Dismissing me resulted in his defeat. And when we had a rematch two years later, Dornan turned extremely nasty.

To my utter astonishment, moderate Democrat (former moderate Republican) Loretta Sanchez beat right wing extremist Bob Dornan. Bob Dornan, who would make today's Teabaggers (remember, THEY came up with that term!) like Carl Paladino seem reasonable, was ousted by an upstart Latina. Dornan spent the next year showing up to Congress anyway, claiming Loretta hadn't really won. He demanded a rematch two years later and was soundly defeated by the now incumbent Loretta Sanchez. I vaguely remember getting drunk in celebration of Loretta's second, absolutely definitive, win. I was immensely proud to have donated to Loretta's first two runs for Congress. The only reason I have not donated since is because she doesn't need my money and other great candidates do.

Within her first year in Congress, Loretta Sanchez proved her worth, despite being resented by many Republicans and despite being a freshman, in the passage of changes to the Uniform Code of Military Justice (that book that features so prominently in the movie "A Few Good Men) to address the problem of rape of women in military service. In many ways the Uniform Code of Military Justice had failed to keep up with changes in civilian law regarding rape and so wound up protecting rapists and victimizing rape victims. Loretta Sanchez saw this problem for women in the military and sought to change it. She was, of course, solidly opposed by the good-old-boys network of the military and initially by the good-old-boys network of Congress. But she refused to let what was clearly an important issue get pushed aside, and to give credit where credit is due, she was helped by a Republican, John McHugh. Now I never really liked McHugh, but in this case he did the right thing, even to the point, according to Loretta Sanchez, of standing up to fellow Republican Duncan Hunter who wanted to let Loretta's bill die. John McHugh decided Loretta's bill was worth supporting and he went the extra mile for it. Together Sanchez and McHugh, against the inertia of the military, revised the military law codes to better handle rape cases. This all happened, from start to finish, within Loretta's first two years in Congress while Bob Dornan was still showing up and claiming he still represented the district.

I think this experience shaped Loretta Sachez's entire approach towards Congress. Loretta Sanchez is a Blue Dog Dem, which usually means bad things in my book, but Loretta represents a relatively conservative district and, though a Blue Dog, votes well and stands up on fights few other Dems stand up on. So I have always liked her. And her unconventional image, drawn from her Hispanic, hard working, immigrant background, has always endeared her to me.

As a Blue Dog, Loretta tends to be one of those compromisers in Congress that many progressives hate. But in judging Loretta one has to take into account her district (which is conservative) and her experience with Republican John McHugh, where through patience and determination she was able to find common ground and compromise and so pass a much needed bill. She learned the lesson then and there that compromise was possible and could accomplish important things. I think she has stuck to that view, though she has also never been one of the more conservative members of the Blue Dogs. I feel she remains true to progressive ideals though she also maintains a cooperative stance with conservatives. If all Blue Dogs were like Loretta Sanchez, we'd be much better off both as a party and as a country.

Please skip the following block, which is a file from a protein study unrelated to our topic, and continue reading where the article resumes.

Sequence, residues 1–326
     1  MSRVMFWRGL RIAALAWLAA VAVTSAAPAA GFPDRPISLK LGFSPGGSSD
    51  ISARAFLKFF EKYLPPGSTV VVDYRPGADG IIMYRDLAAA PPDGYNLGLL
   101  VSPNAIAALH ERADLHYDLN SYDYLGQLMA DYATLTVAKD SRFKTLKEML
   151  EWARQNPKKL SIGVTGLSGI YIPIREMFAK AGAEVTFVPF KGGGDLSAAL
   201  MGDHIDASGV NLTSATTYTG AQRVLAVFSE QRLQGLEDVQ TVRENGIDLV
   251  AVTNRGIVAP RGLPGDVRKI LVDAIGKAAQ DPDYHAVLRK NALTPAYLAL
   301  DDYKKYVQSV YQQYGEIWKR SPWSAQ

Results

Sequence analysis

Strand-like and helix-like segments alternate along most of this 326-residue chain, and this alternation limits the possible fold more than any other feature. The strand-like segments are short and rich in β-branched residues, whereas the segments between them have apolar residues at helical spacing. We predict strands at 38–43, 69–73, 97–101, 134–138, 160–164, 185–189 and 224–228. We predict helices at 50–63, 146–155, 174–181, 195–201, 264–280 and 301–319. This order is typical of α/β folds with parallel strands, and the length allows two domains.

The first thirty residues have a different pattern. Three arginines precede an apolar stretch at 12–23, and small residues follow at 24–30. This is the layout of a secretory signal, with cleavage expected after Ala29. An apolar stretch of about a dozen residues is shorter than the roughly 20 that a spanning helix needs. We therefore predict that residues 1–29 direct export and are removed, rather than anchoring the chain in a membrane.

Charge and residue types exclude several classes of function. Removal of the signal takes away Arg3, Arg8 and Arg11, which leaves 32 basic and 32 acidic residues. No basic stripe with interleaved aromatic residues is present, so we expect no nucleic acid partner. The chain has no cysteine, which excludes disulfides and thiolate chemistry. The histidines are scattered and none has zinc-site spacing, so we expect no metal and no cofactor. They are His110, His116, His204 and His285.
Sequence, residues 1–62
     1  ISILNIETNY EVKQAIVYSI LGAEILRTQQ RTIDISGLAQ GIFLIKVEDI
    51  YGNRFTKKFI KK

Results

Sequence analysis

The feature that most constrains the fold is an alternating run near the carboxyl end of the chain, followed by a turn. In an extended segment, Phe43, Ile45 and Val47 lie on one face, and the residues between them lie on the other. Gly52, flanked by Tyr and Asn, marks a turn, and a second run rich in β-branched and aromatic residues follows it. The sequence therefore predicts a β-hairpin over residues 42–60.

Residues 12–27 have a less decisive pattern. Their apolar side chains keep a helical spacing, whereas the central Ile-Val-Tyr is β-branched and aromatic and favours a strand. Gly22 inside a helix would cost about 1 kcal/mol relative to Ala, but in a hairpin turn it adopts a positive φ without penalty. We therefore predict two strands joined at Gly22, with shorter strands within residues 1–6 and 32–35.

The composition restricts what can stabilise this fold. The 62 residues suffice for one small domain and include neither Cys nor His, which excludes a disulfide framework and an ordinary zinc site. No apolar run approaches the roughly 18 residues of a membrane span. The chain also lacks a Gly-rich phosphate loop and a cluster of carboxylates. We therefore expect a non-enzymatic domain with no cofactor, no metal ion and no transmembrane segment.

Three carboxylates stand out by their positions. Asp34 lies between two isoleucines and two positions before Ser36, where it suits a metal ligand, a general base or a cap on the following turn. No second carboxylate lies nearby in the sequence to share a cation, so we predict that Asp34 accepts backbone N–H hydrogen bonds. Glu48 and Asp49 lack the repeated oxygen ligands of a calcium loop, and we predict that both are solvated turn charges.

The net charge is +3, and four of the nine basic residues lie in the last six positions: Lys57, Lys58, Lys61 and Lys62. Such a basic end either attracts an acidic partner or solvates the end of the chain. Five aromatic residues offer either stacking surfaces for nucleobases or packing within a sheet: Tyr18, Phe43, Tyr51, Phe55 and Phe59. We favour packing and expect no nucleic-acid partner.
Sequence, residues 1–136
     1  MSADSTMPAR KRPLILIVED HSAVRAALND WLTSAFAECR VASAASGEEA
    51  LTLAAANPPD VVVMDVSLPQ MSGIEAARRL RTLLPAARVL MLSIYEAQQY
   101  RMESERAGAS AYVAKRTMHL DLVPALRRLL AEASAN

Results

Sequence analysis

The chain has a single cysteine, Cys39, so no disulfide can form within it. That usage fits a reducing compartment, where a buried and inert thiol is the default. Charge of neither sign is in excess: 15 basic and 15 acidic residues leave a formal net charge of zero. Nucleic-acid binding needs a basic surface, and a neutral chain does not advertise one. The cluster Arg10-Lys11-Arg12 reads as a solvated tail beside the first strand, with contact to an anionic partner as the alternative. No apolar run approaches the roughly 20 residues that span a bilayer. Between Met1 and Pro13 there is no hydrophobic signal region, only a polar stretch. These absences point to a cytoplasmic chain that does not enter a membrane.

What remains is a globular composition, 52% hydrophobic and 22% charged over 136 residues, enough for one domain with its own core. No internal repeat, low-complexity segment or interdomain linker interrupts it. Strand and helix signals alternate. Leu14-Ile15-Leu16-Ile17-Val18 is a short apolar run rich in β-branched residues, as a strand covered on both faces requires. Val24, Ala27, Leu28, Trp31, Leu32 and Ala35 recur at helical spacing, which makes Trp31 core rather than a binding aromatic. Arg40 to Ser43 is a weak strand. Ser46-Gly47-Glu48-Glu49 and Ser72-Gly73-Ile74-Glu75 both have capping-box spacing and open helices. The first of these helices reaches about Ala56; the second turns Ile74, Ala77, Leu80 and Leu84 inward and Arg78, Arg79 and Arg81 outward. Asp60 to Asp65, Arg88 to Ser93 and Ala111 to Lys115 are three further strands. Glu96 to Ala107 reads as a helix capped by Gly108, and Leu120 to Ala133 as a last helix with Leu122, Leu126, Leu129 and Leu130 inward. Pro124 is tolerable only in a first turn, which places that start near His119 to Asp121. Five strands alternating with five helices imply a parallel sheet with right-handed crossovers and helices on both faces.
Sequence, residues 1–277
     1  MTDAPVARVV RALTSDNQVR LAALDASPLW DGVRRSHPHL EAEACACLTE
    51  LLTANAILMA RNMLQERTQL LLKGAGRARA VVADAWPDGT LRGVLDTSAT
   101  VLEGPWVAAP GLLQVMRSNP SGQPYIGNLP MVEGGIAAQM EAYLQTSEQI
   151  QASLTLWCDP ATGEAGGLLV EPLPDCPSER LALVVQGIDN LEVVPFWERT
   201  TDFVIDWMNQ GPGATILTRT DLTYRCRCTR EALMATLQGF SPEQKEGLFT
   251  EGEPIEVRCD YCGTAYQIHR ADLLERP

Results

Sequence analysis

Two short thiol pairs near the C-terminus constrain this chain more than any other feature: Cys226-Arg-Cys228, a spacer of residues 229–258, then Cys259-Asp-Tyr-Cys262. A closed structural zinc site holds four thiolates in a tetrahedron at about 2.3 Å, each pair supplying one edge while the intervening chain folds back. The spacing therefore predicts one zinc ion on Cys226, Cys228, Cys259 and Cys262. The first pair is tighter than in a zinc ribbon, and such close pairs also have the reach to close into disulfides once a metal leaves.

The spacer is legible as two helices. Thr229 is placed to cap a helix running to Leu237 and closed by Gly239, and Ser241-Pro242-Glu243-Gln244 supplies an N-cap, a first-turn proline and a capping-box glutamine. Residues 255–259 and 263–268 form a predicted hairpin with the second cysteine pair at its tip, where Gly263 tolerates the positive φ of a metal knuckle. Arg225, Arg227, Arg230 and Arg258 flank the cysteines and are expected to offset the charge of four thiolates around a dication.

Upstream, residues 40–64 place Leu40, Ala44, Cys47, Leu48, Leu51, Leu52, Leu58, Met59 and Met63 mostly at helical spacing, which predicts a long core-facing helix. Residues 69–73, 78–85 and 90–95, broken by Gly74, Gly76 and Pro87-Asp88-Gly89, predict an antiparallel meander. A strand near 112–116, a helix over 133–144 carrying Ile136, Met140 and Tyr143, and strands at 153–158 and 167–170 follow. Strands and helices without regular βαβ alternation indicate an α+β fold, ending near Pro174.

Loretta also, like Arianna Huffington, left the Republican party because of the realization that the Republicans did NOT represent her true values...didn't even represent the values they claimed to represent. Loretta Sanchez grew up in a family where one parent was a Democrat and one a Republican, so the choice between the two seemed a reasonable first:

Whereas Mom was a compassionate Democrat, Dad ended up running his own business and reading the libertarian Orange County Register, so he was very antitax and pro-Republican. Neither of them voted back then...they didn't become US citizens until [1996]. By then, like me, Dad had converted from Republican to Democrat...

I remained registered as a Republican and never really thought about it much. That was, until one night when I was flicking through the TV channels at home and just happened to catch Pat Buchanan making an inflammatory speech, calling for an end to immigrants coming to America. I was so angry that a high-profile Republican was allowed to spew that kind of hatred on national television, the very next day I registered as a Democrat.

When Loretta's younger sister, Linda, ran for Congress in 2003, I considered it a given I would donate. If she was HALF as kick ass as Loretta, it was worth supporting her. And she won, making Loretta and Linda Sanchez not only rare in Congress as Latinas (I personally know and like Nydia Velasquez, one of the other rare Latinas in Congress), but literally unique as being the first and so far ONLY sisters to serve in Congress.